Walking is the First Step for Posturing

Walking is the First Step for Posturing

Apr 11th 2011

The feet of a person walking with good posture By Heidi Lauckhardt-Rhoades

This morning, my aqua class left laughing and squeezing the shoulders of fellow classmates, rehashing the camaraderie of power walking with runway model-like posture, back and forth in the shallows of the pool. Building a sense of community is always a proud moment in a group fitness instructor’s portfolio, but what’s even better is being able to mine fundamental knowledge within a person that has been lost to years of neglect or focus.

Raising two children has given me the chance to watch a human being develop, literally. The time that humans spend crawling in comparison to the time we spend walking is miniscule. Walking naturally becomes an unconscious endeavor that we just do.  Certainly, I did not invest any time (not as of yet anyway) into my children’s gait; I simply waited anxiously like every other parent I know, awaiting their first steps. Walking, however, can be viewed metaphorically in comparison to using utensils. It’s simple enough to hand over forks and spoons to a child and allow them figure it out. Whether they refine their ability to eat with utensils is questionable. If you believe in a certain skill set for table eating, then you probably take the time to assist your children with the proper hand placement around a fork, spoon, and knife. You teach them how to position their hands and fingers around the knife and fork to cut a piece of meat or a vegetable. It’s not necessary that you do this, since the child will inevitably pick up on how to use utensils, though primitive their use may be. The same is true for their gait.

An untended gait can lead to a suite of unnecessary physical ailments and ultimately lead to surgery, for example, hip and knee replacements. The time we invest in our children, or in ourselves, is key in staving off future injuries or undoing any underlying physical problems that are in development.

First things first: find a mirror and have a look at your walk. Just walk naturally a couple of times back and forth to get yourself comfortable and dissolve some of the self-consciousness that comes from watching yourself. Once you have relaxed, look forward and try to watch your full body move forward (do this several times and change the pace), taking into account your hips, your foot placement, your arms, your head, neck and chest. Do your arms swing? Do your hips move with each step? Do your feet point in (pronate) or angle out (supinate)? The way we move our hips, our arms, hold our head, neck and shoulders, and the direction of our feet impact the way our body adapts to moving our muscles, the way our bones wear and tear, tendons stretch, etc.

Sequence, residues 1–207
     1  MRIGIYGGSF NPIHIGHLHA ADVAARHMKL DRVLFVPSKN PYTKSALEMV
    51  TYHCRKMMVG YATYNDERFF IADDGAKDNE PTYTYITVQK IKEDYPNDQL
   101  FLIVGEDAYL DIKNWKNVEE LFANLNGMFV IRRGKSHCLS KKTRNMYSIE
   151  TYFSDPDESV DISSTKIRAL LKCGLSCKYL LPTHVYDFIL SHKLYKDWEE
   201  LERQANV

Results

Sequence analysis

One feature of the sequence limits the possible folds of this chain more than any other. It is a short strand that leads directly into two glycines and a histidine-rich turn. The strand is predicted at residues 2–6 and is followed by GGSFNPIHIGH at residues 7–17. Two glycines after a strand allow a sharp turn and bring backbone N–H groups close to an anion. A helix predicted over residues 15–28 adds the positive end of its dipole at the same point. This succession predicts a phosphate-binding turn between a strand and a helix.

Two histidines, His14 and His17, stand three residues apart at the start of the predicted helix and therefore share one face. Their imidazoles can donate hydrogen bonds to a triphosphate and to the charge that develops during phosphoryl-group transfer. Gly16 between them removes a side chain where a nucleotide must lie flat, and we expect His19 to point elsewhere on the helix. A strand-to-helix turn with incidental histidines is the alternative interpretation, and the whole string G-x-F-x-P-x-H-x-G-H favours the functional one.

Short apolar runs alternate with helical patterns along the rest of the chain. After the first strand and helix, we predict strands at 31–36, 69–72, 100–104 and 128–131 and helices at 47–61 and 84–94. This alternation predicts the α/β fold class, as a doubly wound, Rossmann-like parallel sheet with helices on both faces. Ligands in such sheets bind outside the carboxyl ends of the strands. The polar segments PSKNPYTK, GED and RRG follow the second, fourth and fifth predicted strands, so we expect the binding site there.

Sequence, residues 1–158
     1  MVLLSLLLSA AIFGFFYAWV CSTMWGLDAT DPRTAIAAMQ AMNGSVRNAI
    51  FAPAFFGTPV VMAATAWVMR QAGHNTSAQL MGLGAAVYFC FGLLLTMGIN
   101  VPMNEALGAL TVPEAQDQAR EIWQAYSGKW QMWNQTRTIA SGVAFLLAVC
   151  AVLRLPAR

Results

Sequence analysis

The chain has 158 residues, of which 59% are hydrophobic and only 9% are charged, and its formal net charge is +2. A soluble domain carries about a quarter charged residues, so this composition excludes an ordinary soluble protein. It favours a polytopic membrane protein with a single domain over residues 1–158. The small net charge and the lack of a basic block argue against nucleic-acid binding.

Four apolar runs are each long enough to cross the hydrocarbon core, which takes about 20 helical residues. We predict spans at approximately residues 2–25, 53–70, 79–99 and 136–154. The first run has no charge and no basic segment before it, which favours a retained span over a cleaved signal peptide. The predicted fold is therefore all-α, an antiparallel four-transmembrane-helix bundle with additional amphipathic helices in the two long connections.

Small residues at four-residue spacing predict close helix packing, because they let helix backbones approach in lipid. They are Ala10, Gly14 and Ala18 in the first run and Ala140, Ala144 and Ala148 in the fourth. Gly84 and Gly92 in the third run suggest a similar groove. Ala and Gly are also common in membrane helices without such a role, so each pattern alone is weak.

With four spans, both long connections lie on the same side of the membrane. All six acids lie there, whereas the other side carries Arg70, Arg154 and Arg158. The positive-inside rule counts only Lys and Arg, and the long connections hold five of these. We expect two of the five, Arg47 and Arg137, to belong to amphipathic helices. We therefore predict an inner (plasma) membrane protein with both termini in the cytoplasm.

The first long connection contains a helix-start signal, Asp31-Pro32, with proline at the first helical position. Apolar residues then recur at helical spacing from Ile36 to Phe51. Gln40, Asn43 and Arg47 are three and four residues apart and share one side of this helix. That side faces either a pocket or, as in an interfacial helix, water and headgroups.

The gait is something that can be easily diagnosed and corrected. It helps to have a doctor, health practitioner, dance or other physical fitness professional to help you, but a mirror and some awareness will help you immensely. Many people these days have access to video recorders, especially on small devices or cell phones; recording yourself walking and including a progression of your gait can prove remarkably effective in improving your strut.

Gait awareness and improvement can be included any time of day. You can begin at the sink while you wash dishes just by keeping your torso lifted, your pelvic floor (the  muscles that control your bowels, frankly) contracted, your chest open and your toes pointing forward.  Take that posture and transition it into a mobilized one by adding smooth hips, engaged scapulae (shoulder blades tucked down), soft arms, and toes pointed forward, legs crossing slightly one in front of the other. Gait enhancement is a practical way to warm down from a workout (cardio, strength/tone, or stretch).

Experience the effects of revisiting the basic walk and feel the impact of your mind/body awareness resonate in all aspects of your life. That awareness is at the core of wellness.